And then it all went quiet. For her entire life she had two parents, Mr. and Mrs., except for the nine days when she only had one and then they were both gone.
Someone in the parade of home health aides from Sunray, a bottom of the barrel agency, brought the new invisible crowned beast into the tiny apartment of two vulnerable people. You know these home health aides, the ones with an attitude who don’t feel obligated to follow the rules of their employer, an agency who makes excuses instead of corrections when quality issues are brought to their attention.
Mr. got sick first and he himself called 911 and was admitted to a hospital for symptoms of COVID-19. He was the well spouse even with a variety of serious medical conditions. He was fairly independent in caring for himself. He walked and could go out to senior activities, compared to Mrs. who was bedbound. She was the sick spouse sandwiched between the caregiving of her husband and the caregiving of her daughter. Mrs. was the lucky one for being the center of attention. For years, their daughter did everything from pharmacy duty, putting the pills in a box of four rows of dosing, calling doctors, buying equipment and disposable supplies, and loudly telling truth to ArchCare, the managed long-term "care" insurer. Like all managed long-term "care" insurers, ArchCare is a bureaucracy whose primary concern is keeping home health aides to no more than 40 hours per week, therefore necessitating more of them, and more of them is more potential exposure to the invisible crowned beast. The purpose of managed long term "care" is to demonstrate to the federal and state government payers that a not-for-profit can show a favorable balance sheet while being in the business of caring for the vulnerable.
Two days after her father died, this daughter sent me a video of Mrs., specifically her breathing, her gurgling breathing. A few seconds of a moving image of a woman with pneumonia is worth any minutes of a question-and-answer phone call. I already knew the need for my presence was urgent, but I knew the prognosis was death when I next heard that Mr. had died in the hospital two days earlier. When his daughter was last on the phone with the hospital nurse, he was supposed to go home the next day, but instead was transferred to the ICU and unexpectedly had a cardiac arrest. It sounded like the thrombotic complications caused by the novel coronavirus, which attacks the endovascular wall.
Imagine on the day she had an appointment at the funeral home for her father, that she had to call the doctor for her mother's breathing. Imagine living in grief, the sudden grief of going from planning to bring a parent home the next day, to his sudden death. It’s like ricocheting off a brick wall from a full run and then, while trying to make funeral arrangements for one parent, the remaining one falls ill. The only thing that was obvious to both of us was that Mrs. was going to die because Mr. had died. This pair belonged to the enmeshed spouses club. They couldn’t live peacefully together and certainly were never going to live apart. He left us and she was going to follow.
She had two parents her whole life until the nine days when she had to make the multiple mental and emotional gear shifts from her father gratefully recovering from serious illness to sudden death, followed by becoming a primary palliative care caregiver while grieving.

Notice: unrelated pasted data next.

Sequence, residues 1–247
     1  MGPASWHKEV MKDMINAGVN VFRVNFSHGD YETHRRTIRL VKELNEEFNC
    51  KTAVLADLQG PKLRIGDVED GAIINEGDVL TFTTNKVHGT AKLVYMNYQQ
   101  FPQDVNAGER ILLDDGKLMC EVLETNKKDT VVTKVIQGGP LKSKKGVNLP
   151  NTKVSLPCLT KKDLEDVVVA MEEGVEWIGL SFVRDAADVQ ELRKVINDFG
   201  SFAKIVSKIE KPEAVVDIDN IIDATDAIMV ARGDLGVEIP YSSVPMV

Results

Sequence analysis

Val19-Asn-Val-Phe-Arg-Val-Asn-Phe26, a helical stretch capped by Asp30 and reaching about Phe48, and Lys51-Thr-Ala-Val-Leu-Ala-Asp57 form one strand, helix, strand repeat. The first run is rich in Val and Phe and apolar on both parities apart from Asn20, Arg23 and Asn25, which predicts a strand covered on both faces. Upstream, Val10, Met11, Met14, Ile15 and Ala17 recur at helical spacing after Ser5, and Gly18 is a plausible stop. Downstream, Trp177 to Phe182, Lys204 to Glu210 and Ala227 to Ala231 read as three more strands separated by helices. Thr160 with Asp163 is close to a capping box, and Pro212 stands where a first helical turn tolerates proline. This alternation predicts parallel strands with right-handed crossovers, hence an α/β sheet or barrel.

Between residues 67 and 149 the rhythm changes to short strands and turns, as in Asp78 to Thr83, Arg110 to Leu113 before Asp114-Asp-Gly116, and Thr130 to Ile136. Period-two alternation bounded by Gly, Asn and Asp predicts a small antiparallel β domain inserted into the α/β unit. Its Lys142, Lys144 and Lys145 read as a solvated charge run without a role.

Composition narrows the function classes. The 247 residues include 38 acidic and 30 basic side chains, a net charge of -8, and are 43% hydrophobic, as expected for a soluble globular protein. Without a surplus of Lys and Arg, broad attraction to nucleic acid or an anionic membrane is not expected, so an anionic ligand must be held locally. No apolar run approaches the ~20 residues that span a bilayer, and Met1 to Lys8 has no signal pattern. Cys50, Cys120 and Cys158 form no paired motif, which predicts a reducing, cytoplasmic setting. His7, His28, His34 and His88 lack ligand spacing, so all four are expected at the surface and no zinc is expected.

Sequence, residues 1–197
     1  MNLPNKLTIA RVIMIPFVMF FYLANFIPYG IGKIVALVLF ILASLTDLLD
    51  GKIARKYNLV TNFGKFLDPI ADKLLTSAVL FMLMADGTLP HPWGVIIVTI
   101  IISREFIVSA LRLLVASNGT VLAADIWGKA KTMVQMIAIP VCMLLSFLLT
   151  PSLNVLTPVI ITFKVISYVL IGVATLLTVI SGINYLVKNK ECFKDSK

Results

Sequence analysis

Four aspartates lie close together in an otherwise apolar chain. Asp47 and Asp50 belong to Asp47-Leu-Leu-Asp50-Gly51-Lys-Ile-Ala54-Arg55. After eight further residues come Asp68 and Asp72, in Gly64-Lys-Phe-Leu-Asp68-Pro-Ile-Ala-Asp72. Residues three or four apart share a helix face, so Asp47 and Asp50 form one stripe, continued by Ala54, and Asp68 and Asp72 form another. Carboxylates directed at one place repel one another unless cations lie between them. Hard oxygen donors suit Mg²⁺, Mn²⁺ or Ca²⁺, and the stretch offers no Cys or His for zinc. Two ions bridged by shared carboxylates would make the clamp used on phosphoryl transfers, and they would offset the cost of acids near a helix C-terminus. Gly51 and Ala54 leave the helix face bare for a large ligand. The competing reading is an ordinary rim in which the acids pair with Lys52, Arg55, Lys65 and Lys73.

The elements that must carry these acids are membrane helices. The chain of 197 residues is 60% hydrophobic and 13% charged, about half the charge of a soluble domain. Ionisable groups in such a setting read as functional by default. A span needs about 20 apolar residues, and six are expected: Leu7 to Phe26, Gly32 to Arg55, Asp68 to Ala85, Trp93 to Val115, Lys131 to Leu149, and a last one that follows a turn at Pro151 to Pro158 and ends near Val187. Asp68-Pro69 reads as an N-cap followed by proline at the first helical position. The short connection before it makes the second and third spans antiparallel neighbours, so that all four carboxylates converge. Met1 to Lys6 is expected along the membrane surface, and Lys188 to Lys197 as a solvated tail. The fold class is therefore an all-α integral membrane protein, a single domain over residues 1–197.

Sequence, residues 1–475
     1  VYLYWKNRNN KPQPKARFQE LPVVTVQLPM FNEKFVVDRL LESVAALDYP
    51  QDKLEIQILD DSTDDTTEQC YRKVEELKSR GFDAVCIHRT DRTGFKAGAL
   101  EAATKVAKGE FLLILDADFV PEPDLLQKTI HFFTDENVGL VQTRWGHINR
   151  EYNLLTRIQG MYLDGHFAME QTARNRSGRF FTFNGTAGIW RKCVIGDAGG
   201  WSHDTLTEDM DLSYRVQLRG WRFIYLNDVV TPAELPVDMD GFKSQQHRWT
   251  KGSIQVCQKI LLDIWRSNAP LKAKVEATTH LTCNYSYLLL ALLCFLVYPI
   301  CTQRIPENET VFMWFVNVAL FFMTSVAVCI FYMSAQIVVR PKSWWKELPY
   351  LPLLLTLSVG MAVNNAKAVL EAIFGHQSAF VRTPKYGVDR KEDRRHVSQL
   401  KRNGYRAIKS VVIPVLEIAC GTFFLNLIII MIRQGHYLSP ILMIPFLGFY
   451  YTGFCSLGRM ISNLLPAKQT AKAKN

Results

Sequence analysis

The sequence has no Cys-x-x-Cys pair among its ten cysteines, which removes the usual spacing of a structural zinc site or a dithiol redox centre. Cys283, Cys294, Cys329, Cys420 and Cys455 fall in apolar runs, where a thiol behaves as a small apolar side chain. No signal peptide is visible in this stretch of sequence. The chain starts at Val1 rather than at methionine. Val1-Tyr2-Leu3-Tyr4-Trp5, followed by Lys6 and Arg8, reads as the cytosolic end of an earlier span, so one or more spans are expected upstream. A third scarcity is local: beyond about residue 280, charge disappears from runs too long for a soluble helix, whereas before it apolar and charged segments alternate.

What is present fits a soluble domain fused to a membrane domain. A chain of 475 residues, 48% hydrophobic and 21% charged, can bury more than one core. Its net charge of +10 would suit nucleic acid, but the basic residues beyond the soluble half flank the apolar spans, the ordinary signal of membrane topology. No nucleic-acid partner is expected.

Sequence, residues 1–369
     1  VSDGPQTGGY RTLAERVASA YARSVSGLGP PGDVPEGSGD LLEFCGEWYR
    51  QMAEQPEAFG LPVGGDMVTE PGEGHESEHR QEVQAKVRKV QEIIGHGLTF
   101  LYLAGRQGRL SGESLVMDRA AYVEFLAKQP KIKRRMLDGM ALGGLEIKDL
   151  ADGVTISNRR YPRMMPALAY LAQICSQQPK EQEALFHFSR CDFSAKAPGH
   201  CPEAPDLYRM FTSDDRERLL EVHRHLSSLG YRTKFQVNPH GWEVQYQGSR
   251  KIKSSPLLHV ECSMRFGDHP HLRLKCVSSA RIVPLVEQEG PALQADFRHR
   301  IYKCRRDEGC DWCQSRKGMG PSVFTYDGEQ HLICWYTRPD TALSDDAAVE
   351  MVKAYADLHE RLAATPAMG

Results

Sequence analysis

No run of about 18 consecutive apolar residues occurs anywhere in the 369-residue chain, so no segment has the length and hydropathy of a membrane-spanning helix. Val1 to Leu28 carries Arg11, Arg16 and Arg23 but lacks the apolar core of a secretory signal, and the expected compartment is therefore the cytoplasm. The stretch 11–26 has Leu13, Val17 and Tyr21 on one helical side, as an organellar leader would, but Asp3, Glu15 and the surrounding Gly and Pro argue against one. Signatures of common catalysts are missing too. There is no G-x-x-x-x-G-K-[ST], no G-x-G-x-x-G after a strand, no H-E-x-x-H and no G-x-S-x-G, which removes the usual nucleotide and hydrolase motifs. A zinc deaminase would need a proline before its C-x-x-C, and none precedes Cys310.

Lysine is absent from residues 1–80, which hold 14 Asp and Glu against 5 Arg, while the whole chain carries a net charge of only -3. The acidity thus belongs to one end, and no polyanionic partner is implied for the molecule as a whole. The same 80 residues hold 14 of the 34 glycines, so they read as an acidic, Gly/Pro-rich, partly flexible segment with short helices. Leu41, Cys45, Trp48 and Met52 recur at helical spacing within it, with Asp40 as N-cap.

Can we grieve and care for the dying simultaneously? Sometimes we grieve while caring for those who are dying. Maybe that’s called pregrieving. I’m going to call it that, but this was different: it was pregrieving for her mother on top of being immersed in grief for her father.
She can't be alone in this experience because the crowned virus pandemic has done this to many families, but each story needs to stand as testament to each caregiver as unique. I gave her minimal instructions and she carried them out. Mrs. didn’t have coronavirus that we knew of. She had bacterial pneumonia and could not swallow. She didn’t have fever or low oxygen. She had breathing distress from lobar pneumonia but unable to take her usual medication or antibiotics. We used a nebulizer to dry up the secretions. We used dry sponges to scoop the sputum and mucus from her throat. I am grateful for an independent neighborhood pharmacy who actually stocks morphine concentrate to absorb under the tongue so we could ease respiratory distress. We didn’t do the hospice parade of nurses who don't know Mrs., but who would nevertheless make her die in their schedule not hers. Mrs. was in the capable hands of her daughter who had had both parents for her whole life and who had been a caregiver for so many years. We did it together while in the throes of grieving and pre-grief in the manner in which she had cared for two parents her entire life, competently for the nine days that she had only one parent.
Long-term care CEO total compensation ranged from $260,385 for organizations with less than $50 million in revenue to $445,720 for organizations with revenues exceeding $100 million. CFO total compensation ranged from $177,328 in organizations with less than $50 million in revenue to $533,104 for those with revenue exceeding $100 million.
As of Dec 28, 2020, the average annual pay for a HHA in New York is $24,126 an year. Just in case you need a simple salary calculator, that works out to be approximately $11.60 an hour. This is the equivalent of $464/week or $2,011/month.
The pay rate for CDPAP caregivers can vary based on a number of factors, so it is difficult to publish a specific rate. Still, we can say that as a general rule our pay rates range between $12 – $19.09 per hour and $18 – $28.63 per overtime hour.